Lucas Carné: “Entrepreneurship is contagious”

Interview with the co-founder of Privalia

19/03/2013 Barcelona

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“We live in an increasingly changing world. People have to get used to change as a natural condition and to cope with this situation, you have to be an entrepreneur,” says Lucas Carné (MBA ’99), co-founder of Privalia, the online private sales club.

Carné’s remarks came during a special breakfast event organized by the  organized by the MBASpanish Business Club on March 15 on IESE’s Barcelona campus.

When asked about medium-term start-up financing for start-ups following an initial launch, he stressed: “There is money, but it is in a very global marketplace. In some cases, the problem I see among Spanish entrepreneurs is that they aren’t motivated to pack up their suitcases and go to the UK, Germany or the United States to knock on the doors of foreign investors. You have to realize that, even though you are a Spanish start-up, you don´t have to get financing in Spain.”

He also discussed online shopping trends, particularly the level of “personalization” facilitated by the Internet. This new scenario allows companies to “maintain direct contact with the customer, and the flow of information among clients and the company in real time.”

Carné said he hopes that the opportunity for personalization will provide a new boost for local industries, since “the current concept of globalized production and total offshoring cannot satisfy a demand for just-in-time.”

Personalization “can help local industry - which is not as competitive in price, but is more flexible and faster – become stronger,” he said.

Carné said he is a strong believer in the multichannel concept: “to be strong in the physical area and online, taking advantage of each cannel to better know and serve your customer.” He added that the physical advertising environment will become digital.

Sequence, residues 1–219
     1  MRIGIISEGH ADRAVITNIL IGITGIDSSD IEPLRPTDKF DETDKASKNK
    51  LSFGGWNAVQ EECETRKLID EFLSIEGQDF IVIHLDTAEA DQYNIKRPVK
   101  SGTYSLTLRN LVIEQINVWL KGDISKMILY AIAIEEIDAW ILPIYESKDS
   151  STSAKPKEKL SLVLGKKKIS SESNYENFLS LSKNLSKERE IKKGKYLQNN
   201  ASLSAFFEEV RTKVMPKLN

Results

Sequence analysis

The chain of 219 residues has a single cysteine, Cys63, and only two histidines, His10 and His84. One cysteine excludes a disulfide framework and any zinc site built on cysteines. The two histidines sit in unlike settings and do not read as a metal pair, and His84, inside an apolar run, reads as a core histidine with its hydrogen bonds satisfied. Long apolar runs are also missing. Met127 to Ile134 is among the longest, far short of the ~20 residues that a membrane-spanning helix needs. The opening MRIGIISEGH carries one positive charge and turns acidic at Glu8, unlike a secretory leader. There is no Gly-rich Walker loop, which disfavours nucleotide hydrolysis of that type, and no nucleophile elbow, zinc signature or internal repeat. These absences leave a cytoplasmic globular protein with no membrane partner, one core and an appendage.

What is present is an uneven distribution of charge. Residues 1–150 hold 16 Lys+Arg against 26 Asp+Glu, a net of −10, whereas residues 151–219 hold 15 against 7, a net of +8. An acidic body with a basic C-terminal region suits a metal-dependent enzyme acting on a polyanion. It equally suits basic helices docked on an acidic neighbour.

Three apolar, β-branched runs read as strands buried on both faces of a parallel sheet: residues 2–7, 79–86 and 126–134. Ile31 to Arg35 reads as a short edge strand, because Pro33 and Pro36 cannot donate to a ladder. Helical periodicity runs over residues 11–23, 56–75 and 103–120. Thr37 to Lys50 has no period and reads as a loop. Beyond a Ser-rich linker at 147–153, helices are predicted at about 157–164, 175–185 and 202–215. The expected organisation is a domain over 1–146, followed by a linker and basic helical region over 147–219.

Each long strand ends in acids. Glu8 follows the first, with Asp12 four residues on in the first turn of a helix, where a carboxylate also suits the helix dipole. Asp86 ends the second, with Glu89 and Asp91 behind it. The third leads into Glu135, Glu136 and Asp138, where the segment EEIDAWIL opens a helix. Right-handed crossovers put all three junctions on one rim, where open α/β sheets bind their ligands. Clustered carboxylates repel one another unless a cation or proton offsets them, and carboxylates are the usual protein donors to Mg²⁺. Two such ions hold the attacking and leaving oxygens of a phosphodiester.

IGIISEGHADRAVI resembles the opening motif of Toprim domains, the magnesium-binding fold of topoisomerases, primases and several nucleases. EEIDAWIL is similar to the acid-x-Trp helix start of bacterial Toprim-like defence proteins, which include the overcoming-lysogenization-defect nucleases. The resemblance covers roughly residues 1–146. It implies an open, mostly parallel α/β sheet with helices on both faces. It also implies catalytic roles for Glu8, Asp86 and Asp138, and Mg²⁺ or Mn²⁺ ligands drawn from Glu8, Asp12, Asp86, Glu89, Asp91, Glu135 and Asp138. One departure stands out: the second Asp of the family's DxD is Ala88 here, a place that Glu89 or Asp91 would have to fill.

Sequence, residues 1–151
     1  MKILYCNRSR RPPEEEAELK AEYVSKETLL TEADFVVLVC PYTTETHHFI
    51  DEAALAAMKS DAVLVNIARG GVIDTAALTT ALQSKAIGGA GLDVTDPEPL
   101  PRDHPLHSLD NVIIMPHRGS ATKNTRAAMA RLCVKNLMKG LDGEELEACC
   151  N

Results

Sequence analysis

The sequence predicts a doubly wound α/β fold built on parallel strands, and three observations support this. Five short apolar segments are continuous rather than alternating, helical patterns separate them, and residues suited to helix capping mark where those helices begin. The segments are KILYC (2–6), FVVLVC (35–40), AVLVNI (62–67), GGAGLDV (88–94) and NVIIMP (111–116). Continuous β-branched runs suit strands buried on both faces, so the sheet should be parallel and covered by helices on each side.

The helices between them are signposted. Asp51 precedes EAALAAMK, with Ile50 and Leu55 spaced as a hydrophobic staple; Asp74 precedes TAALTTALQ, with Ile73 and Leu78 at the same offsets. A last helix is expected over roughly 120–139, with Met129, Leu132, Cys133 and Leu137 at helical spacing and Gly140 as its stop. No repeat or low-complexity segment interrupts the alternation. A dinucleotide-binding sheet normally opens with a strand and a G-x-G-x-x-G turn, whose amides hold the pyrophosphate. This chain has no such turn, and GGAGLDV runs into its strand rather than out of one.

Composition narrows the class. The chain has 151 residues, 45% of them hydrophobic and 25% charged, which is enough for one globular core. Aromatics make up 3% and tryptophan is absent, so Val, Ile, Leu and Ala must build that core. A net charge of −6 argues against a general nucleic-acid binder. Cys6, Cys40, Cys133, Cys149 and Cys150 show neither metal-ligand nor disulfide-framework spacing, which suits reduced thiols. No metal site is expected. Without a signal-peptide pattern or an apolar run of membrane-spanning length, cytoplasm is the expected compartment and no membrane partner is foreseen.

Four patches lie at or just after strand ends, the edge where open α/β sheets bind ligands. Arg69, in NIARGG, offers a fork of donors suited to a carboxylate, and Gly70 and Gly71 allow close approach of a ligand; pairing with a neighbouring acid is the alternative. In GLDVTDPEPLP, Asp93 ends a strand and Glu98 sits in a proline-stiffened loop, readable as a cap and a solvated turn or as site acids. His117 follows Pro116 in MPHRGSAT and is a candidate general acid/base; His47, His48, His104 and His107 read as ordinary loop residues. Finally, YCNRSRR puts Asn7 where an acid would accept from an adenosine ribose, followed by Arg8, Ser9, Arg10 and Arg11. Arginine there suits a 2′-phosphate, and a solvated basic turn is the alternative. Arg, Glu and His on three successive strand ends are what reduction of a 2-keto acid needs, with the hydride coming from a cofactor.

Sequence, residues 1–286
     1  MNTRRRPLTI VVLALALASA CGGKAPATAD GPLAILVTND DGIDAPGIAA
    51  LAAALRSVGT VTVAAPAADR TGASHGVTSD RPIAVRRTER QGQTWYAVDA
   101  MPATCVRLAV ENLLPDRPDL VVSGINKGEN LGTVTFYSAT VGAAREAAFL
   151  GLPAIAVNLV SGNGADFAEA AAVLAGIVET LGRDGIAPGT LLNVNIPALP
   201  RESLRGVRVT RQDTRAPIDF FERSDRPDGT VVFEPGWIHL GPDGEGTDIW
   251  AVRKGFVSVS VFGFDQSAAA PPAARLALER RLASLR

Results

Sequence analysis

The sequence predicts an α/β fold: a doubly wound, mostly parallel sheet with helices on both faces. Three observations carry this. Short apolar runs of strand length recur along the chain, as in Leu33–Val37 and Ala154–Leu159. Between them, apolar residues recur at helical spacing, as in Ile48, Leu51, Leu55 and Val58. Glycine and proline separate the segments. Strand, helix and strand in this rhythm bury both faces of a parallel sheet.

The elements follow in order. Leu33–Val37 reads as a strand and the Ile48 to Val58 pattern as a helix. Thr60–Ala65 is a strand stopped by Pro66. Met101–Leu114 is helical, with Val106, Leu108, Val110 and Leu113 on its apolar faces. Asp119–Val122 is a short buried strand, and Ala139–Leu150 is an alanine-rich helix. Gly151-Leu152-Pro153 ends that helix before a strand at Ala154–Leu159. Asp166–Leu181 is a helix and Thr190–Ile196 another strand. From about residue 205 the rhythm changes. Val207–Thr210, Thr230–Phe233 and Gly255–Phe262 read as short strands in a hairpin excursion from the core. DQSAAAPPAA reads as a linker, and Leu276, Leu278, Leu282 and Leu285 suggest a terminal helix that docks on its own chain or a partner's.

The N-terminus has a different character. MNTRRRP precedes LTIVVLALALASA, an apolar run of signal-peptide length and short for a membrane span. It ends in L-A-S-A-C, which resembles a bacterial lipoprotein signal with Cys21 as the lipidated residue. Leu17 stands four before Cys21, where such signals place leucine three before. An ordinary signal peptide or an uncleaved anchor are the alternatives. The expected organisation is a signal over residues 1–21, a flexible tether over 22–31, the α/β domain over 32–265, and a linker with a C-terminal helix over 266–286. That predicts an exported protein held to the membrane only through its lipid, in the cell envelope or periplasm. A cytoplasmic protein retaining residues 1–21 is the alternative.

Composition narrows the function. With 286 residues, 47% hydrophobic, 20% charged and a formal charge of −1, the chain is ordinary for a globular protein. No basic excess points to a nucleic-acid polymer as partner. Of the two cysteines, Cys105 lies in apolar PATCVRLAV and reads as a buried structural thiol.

Experience has taught him that “entrepreneurship is contagious.” For this reason, business schools should “nurture contacts” among students who are at different phases of entrepreneurial projects. He also urged business schools to provide more opportunities for students to gain practical experience at start-ups, as well as encourage more new ventures – instead of large multinationals, consultancies or banks - to hire MBAs.

Reflecting on his own MBA experience, Carné said students today are less focused on traditional careers and are more interested in alternative paths, such as helping lead small or new enterprises or creating their own companies.

Overall, “IESE MBA students have always been pretty entrepreneurial. At least, when I go to other schools, I see the level of curiosity that you find about entrepreneurship is incomparable,” he said.

Carné said his visit to IESE was “refreshing.”

“It’s good to be surrounded by young people who want to do things and conquer the world, and who have curiosity about what you do and why you’ve been successful. It’s a breath of fresh air in your daily life,” he said.

Carné also said he wanted to do his part in helping prepare the next generation of entrepreneurs. “I like to know how young people see the world and I hope that I have been an inspiration because, in the end, the future of this country lies mostly in the ability of companies to generate wealth. And this depends on the creation of successful companies.”